The “Omega” Ink and Wash Painting from He Canbo

Dr. Rasko Radovic has called the mysterious human image in He Canbo’s ink and wash painting the “Omega person”, meaning the post human on Earth. Then, can we say He Canbo’s paintings have showed us the scenes of the last world or the posthumous world?

In terms of ink and wash painting, He Canbo has indeed made great innovations. It’s even no exaggeration to call his paintings the ultimate ink and wash painting in the world. The traditional ink and wash painting was a production of agricultural civilization, suitable for depicting mountains and waters, birds and flowers, as well as rural life. After entering the 20th century, the Chinese traditional ink and wash painting was influenced by western art ideology and Chinese revolutions, with painting techniques improved a lot and themes showing the spectacular scenes of wars and industrial construction. After the 1990s, with the rapid development of Chinese urbanization, a kind of metropolitan ink and wash painting came into being. Later, various kinds of experimental ink and wash paintings sprang up. Till now, abstract ink and wash painting has become an important branch of abstract painting, and is playing a critical role in reviving the abstract painting. As to He Canbo’s ink and wash painting, he has really reached the highest level in ink and wash painting and the contents of his paintings have dug into the deepest place of human existence. 

The mysterious human image in He Canbo’s works can be seen as a representation of human being or a pure symbol. Turning human being into a symbol is in itself a feature of the posthumous world. This human-shape symbol, together with geometrical patterns and numerals, seems to be ending traditional ink and wash painting. As we all know, ink and wash painting has developed into several forms and introduced some abstract factors, but there mustn’t be too many symbols or geometrical images in a painting, because symbols and geometrical patterns are seen as lifeless for ink and wash painting which requires vitality. But He Canbo has proved that symbols can also be vigorous. He still uses ink and wash and xuan paper to do painting, but adds symbols and geometrical patterns to his paintings. This is a reform on ink and wash painting, so He Canbo’s ink and wash painting is unique and can be seen as the ink and wash painting of the posthumous world.

He Canbo’s paintings reminded me of the oil paintings by CY Twombly, whose scribbles on the canvas almost ended oil painting. Donald Judd criticized Twombly’s works by saying: “there are a few drips and splatters and an occasional pencil line. There isn’t anything to these paintings.” The letter “e” scribbled by Twombly looks very much like the “Ω” painted by He Canbo, only with Twombly’s messier. In fact, not only does He Canbo’s painting look tidier than Twombly’s, the geometrical patterns in He’s works also make He’s works more reasonable than Twombly’s. however, the effect of He’s works on ending ink and wash painting is similar to that of Tombly’s on ending oil painting. He Canbo has used abstract geometrical patterns to end ink and wash painting. If we say Twombly has used the eastern way to end oil painting, then we can say He Canbo has used the western way to end ink and wash painting. Due to the difference of art traditions and media, ink and wash painting needs a different way of being ended from oil painting.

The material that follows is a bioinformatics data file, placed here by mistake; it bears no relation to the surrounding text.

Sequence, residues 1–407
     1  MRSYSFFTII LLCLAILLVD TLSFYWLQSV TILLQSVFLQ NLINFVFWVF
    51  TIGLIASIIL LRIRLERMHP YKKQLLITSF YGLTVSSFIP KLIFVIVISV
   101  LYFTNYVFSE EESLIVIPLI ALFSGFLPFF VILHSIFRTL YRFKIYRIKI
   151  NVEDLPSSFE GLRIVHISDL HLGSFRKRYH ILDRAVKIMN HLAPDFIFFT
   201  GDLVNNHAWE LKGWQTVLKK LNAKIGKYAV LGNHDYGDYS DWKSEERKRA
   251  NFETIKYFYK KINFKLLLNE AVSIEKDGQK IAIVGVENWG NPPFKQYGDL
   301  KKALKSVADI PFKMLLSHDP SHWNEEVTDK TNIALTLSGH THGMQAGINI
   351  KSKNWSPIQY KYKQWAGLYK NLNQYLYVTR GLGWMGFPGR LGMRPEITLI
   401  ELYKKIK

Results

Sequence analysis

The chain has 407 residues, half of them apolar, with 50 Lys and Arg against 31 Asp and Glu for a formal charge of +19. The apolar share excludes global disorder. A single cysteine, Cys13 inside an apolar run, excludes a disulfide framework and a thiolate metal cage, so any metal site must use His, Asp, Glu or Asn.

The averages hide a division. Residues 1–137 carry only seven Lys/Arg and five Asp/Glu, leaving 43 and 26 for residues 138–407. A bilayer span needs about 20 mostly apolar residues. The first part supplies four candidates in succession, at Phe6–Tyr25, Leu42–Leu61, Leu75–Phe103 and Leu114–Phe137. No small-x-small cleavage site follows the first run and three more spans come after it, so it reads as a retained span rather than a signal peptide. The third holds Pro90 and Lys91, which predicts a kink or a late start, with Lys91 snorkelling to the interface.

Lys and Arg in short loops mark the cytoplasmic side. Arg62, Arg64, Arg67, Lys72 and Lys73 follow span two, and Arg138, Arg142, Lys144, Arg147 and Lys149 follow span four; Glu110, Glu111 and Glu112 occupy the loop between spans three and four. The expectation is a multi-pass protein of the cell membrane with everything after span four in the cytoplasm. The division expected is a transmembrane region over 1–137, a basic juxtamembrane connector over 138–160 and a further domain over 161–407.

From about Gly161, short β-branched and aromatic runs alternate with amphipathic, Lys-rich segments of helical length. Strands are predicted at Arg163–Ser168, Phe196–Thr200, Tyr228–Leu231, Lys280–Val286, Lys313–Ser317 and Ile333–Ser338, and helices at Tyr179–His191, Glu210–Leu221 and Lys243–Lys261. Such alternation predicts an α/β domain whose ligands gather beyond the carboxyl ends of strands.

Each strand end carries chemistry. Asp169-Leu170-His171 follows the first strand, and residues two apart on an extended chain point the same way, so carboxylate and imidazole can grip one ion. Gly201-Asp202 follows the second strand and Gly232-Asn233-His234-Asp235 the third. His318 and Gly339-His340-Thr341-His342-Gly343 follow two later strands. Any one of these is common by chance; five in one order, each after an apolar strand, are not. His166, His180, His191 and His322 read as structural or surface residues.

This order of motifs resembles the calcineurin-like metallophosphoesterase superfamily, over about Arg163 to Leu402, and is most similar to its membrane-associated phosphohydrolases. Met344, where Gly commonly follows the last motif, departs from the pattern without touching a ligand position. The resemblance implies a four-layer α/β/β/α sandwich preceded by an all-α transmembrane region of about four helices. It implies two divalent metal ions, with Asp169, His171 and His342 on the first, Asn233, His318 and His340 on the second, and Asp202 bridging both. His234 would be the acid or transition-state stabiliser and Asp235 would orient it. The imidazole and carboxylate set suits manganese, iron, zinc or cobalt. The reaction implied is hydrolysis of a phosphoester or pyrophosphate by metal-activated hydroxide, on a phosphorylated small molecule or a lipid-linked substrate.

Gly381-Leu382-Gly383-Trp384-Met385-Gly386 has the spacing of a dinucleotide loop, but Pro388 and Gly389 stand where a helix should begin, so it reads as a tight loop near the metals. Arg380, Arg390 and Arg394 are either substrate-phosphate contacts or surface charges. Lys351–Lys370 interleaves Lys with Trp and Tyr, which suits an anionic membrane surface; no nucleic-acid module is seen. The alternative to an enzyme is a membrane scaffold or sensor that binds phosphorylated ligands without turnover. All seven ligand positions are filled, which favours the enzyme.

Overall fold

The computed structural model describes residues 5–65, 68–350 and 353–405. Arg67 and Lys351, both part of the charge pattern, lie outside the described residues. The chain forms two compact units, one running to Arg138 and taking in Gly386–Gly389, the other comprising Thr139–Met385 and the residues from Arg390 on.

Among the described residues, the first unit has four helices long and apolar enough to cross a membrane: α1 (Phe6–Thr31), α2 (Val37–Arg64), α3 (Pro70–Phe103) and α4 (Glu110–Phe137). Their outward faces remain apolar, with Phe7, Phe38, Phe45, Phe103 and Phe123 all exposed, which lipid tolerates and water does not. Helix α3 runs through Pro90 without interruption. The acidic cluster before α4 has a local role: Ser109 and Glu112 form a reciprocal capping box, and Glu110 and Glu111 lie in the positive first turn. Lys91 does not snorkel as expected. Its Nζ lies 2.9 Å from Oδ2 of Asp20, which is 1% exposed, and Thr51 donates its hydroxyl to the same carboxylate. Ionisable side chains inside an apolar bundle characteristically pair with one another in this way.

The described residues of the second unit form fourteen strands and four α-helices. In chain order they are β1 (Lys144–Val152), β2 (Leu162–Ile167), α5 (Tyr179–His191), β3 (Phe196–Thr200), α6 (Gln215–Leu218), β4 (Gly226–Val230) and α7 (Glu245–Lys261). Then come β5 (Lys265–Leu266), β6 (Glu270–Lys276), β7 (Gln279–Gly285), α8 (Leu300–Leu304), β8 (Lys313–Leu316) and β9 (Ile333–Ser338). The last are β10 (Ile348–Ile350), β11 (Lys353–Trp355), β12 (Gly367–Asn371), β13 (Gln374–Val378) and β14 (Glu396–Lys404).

Although there are still mountains and waters and pavilions in He Canbo’s paintings, they are different from the mountains and waters and pavilions in previous paintings. They are actually the scenes of deadly posthumous world, making viewers dreadful or desperate. 

Some people may argue that we are still far away from the end of the world described in science fictions, but in the eyes of ink and wash painters, the world we are living is quite near its end. Do we need to prepare for the either slowly or quickly coming end of the world? Shall we bravely face it or do something to prevent it from nearing? He Canbo has left us a lot of questions. These questions not only arise from ink and wash art, but also arise from humanity and future. 


Weixiu Garden, Beijing University

Mar.5, 2012

Peng Feng

Academic Degree: Doctor of Aesthetics
Position: professor and dean of Arts Department of Peking University, deputy director of the Aesthetics and Art Education Research Center of Peking University, executive member of the International Aesthetic Association, as well as designer of the Chinese Pavilion of 2011 La Biennale di Venezia (International Art Exposition, 2011 Venice Biennial)
Main Research Areas: art philosophy, art criticism, atheistic principles, Chinese classic aesthetics, western modern aesthetics, comparative aesthetics between China and the west
Published Books: Introduction to Aesthetics (Fudan University, 2011), Return to the Eleven Problems of Modern Aesthetics (Peking University, 2009)